Self-administered transcranial electrical stimulation (TES) is not new (see Nature 498, 271–272; 2013). Between the 1740s and 1930s, there was widespread and unregulated commercial availability of TES machines for private and domestic use (see, for example, I. R. Morus in Frankenstein's Children, Princeton University Press; 1998).

During Victorian and Edwardian times, TES machines that dispensed static, frictional, faradic or battery electrical current could be bought everywhere. Some physicians, therapists and patients claimed that TES could generate feelings of euphoria and even improve mental performance.

Physicians of the period recommended that currents of no more than 5–10 milliamps should be applied to the head because of the risks of burning and shock, although many users chose to experiment. Side effects included headaches, flashes of light, dizziness and nausea, especially when connections were imperfect or broken.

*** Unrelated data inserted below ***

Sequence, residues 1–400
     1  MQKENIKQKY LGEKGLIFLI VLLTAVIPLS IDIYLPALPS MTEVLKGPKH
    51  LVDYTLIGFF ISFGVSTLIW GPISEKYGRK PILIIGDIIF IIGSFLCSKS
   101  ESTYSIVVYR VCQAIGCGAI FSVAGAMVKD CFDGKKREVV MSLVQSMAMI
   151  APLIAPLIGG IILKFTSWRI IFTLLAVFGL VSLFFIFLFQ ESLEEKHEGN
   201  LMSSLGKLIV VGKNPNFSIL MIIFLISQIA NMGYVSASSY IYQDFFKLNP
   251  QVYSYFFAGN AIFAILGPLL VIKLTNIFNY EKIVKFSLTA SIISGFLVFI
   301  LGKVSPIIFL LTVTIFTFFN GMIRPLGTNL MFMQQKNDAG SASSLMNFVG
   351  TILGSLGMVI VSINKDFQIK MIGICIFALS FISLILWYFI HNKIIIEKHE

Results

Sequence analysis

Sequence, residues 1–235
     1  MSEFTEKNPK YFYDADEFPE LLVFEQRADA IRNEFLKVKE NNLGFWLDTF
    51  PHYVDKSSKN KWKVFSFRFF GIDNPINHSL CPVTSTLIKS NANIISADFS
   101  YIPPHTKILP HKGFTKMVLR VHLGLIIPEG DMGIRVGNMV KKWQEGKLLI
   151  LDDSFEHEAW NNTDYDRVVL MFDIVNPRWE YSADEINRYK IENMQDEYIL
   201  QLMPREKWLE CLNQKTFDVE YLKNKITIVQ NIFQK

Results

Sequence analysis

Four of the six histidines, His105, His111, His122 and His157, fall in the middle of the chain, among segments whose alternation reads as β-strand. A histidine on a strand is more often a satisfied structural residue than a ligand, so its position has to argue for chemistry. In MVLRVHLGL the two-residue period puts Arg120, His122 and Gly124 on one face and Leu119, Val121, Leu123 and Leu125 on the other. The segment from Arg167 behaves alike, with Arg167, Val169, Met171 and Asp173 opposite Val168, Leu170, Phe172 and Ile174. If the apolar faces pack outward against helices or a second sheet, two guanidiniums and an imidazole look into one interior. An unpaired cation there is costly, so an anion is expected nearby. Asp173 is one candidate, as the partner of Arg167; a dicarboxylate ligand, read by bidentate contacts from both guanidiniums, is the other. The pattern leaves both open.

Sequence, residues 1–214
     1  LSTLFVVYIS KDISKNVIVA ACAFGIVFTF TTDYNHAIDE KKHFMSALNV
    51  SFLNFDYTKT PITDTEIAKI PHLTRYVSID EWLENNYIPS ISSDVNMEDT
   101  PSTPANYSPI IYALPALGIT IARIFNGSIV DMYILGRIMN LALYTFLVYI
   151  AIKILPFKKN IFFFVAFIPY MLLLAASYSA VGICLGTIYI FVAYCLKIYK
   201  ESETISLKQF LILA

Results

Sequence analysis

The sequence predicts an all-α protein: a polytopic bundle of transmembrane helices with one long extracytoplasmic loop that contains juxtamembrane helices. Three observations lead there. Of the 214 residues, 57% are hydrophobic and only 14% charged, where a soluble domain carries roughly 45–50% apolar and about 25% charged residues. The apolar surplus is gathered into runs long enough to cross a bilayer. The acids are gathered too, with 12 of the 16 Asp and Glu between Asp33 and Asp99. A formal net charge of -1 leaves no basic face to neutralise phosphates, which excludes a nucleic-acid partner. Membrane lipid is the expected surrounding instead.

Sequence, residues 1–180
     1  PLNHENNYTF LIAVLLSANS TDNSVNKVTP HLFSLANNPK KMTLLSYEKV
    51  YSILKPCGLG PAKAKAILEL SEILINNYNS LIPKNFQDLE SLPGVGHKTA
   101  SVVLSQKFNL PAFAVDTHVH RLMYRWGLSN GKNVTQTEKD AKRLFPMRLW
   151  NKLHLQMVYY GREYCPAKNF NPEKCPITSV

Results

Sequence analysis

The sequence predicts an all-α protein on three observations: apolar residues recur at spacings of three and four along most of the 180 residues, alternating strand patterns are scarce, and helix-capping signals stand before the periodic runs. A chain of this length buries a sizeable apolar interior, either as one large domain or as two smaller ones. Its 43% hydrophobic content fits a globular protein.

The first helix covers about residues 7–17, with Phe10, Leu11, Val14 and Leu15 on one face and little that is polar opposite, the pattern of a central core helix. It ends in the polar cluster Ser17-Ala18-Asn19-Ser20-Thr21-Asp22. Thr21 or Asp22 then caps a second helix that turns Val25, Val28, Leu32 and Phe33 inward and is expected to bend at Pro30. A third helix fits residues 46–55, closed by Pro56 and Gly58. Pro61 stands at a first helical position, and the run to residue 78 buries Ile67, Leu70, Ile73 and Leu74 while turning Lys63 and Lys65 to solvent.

The consequences could be even more serious. The Dutch physician Jan Ingenhousz knocked himself unconscious when performing electrical experiments in 1783, and Benjamin Franklin suffered retrograde amnesia after accidentally administering an electric shock to his head.

As today, some medical practitioners of the time believed the benefits of TES to be exaggerated. Footnote 1